Nelson Mandela closes his eyes as well-wishers in Chatsworth throw petals at him.
Nelson Mandela closes his eyes as well-wishers in Chatsworth throw petals at him.

Opinion: Laager mentality is not part of our history and culture

By Aakash Bramdeo Time of article published Dec 4, 2020

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Editor’s view: The belief that the role and contribution of Indian South Africans has not been recognised or appreciated is false because leaders in society have acknowledged this repeatedly since the birth of our democracy.

Today, the South African Indian community is a million-strong, and it forms a full part of South African society. Hand-in-hand with other peace-loving South Africans, they have played an outstanding role in the Struggle for a non-racial, non-sexist and democratic South Africa. | Message by Nelson Mandela to the India-South Africa Solidarity Meet in June 1994.

Thabo Mbeki, in his “I am an African” speech, acknowledged this community:.

I come of those who were transported from India and China, whose being resided in the fact, solely, that they were able to provide physical labour, who taught me that we could both be at home and be foreign, who taught me that human existence itself demanded that freedom was a necessary condition for that human existence. Being part of all these people, and in the knowledge that none dare contest that assertion, I shall claim that – I am an African. | Thabo Mbeki on the passing of the new Constitution of South Africa in May 1996.

But you don’t have to go that far back.

A few weeks ago, President Cyril Ramaphosa wished Hindus a happy Diwali and said the community had greatly enriched South Africa’s cultural life. He said the spiritual and philosophical traditions of the community had found expression in South Africa’s own Struggle for liberation.

King Goodwill Zwelithini, who has embraced Ishwar Ramlutchman as a prince in the Zulu Kingdom, now celebrates Diwali at the royal palace in KwaNongoma. Zwelithini’s words at this year’s celebration rings true for all of us: “ …. lighting the lamp – the diya– is a chance to remember, even in the midst of darkness, that light will ultimately prevail. Knowledge will defeat ignorance, and compassion will triumph over despair.”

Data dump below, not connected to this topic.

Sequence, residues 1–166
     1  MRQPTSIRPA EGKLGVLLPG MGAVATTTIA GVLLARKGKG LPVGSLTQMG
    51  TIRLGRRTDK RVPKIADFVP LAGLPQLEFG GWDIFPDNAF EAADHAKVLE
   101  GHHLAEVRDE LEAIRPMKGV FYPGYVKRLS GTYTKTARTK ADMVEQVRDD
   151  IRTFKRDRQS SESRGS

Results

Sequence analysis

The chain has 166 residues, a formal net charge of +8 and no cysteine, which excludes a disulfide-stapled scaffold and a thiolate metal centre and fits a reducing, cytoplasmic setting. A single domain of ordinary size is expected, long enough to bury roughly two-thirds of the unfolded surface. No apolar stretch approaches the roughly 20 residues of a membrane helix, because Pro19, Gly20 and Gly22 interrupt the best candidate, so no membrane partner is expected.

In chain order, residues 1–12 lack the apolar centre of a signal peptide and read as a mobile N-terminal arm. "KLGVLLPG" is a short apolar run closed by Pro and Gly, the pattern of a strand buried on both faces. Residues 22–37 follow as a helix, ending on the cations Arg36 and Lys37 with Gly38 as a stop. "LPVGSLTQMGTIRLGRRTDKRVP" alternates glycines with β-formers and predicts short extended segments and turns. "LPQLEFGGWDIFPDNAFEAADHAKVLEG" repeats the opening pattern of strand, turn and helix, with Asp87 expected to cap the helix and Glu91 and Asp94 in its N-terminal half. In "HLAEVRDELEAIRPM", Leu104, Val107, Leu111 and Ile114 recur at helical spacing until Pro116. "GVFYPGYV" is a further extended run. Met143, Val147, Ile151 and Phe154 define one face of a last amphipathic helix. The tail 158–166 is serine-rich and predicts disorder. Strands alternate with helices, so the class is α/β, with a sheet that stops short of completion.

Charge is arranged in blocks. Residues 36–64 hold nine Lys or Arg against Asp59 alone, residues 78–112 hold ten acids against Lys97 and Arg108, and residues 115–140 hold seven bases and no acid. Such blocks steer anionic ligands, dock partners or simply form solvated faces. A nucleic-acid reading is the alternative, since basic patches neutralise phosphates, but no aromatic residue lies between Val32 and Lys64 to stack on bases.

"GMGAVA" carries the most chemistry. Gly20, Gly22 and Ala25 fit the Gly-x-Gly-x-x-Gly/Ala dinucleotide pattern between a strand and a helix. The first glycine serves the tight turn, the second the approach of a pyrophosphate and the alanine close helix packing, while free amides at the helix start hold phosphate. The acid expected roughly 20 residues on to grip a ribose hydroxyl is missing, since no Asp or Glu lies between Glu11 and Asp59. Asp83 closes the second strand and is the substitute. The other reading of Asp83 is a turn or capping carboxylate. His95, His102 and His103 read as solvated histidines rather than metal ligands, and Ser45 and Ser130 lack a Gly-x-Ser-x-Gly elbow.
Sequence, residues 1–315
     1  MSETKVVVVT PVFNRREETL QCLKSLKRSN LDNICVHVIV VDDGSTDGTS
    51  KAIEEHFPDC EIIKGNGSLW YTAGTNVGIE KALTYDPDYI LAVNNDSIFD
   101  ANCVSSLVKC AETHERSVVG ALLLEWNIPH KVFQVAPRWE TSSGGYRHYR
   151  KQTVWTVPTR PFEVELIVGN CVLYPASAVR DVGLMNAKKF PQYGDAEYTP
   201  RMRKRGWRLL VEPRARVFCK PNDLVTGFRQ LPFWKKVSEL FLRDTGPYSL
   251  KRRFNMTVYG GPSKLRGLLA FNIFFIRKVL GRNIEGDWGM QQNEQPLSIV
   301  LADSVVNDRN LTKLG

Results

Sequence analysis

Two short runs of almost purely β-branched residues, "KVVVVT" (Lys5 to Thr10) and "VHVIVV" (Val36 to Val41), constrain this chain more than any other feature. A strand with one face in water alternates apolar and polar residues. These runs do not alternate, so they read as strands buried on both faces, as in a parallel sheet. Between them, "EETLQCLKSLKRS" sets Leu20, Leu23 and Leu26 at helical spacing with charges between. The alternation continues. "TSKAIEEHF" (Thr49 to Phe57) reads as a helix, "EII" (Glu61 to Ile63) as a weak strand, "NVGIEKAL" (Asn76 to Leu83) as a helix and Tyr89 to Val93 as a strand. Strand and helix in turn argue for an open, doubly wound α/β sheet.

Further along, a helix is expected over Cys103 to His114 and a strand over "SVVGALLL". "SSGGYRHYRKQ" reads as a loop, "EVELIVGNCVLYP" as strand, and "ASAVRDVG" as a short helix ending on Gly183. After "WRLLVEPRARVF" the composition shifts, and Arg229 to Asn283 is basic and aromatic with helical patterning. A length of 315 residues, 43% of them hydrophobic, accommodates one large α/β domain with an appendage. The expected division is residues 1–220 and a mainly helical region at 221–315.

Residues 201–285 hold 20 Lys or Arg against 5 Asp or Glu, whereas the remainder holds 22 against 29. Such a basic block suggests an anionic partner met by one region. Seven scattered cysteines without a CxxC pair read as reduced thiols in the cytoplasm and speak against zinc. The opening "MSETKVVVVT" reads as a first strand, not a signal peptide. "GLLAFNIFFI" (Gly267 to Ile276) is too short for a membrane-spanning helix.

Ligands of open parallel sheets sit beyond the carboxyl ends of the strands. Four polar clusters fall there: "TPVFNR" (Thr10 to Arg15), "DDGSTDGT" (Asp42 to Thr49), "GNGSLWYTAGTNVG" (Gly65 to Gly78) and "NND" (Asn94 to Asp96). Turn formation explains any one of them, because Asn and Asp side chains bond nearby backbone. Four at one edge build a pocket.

Two weeks ago, to mark the arrival of Indians to South Africa in 1860, the role of the community was once again acknowledged.

South Africans of Indian origin have played an important part in not only the political Struggle against colonialism and apartheid but also in the weaving of our contemporary economic and social fabric. In the spirit of ubuntu, we are because of one another. | Statement by Sihle Zikalala, the Premier of KwaZulu-Natal, to mark the 160th anniversary of Indian indenture.

As South Africa celebrates the 160th-year anniversary since the arrival of Indian indentured labourers in the country, for the City of Durban it was so much more than just an arrival. It was the beginning of the manifestation of the city’s rich multicultural history, social cohesion and an inclusive city. | Mxolisi Kauda, mayor of the eThekwini Metropolitan Municipality.

The story of Indians in South Africa is the story of South Africa itself. Indeed, in 2020, the children of South African-born Indians are no less South African than my own Zulu grandchildren. | Prince Mangosuthu Buthelezi in a message published in the POST in November 2020 to commemorate the arrival of indentured labourers in 1860.

We must question the motive of those who seek to propagate lies and, in so doing, undermine our democracy. Perhaps these falsehoods stem from a feeling of marginalisation.

There is no doubt that Indian South Africans, as well as other minority groups in our country, feel left out. This reflects how much work remains in translating the words of our Constitution into reality.

However, the manner in which we go about addressing our fears and fragility is important.

We can’t create an us-and-them situation and rally people on the basis of race. The result of that is what we saw in Senekal and Brakenfell.

We can’t act like bullies who want to show how powerful we are because we come from a culture that teaches us to be humble. Our forefathers built. They did not break. They helped those who had less and stood up to those who abused their power.

Irrespective of how catchy the phrase, we shouldn’t do anything to harm our economy, certainly not after the destruction Covid-19 has caused.

A few days ago, Nomsa Dube-Ncube, the MEC for Finance, told us our economy in KZN is expected to shrink by about 10% this year. It will shrink further next year. Liquidations during September increased by 54% compared with last year, and unemployment in the province is hovering at just under 50%.

Given this, any stayaway would be economic suicide. The loss of a single day of revenue in the busiest part of the year could be the difference between whether a shop closes or continues to trade. And that has a direct impact on whether a job is saved or lost.

Our country is by no means perfect. But in addressing our concerns, let us stick to the facts. And let us act in a manner that doesn’t undo the achievements of the last 160 years.

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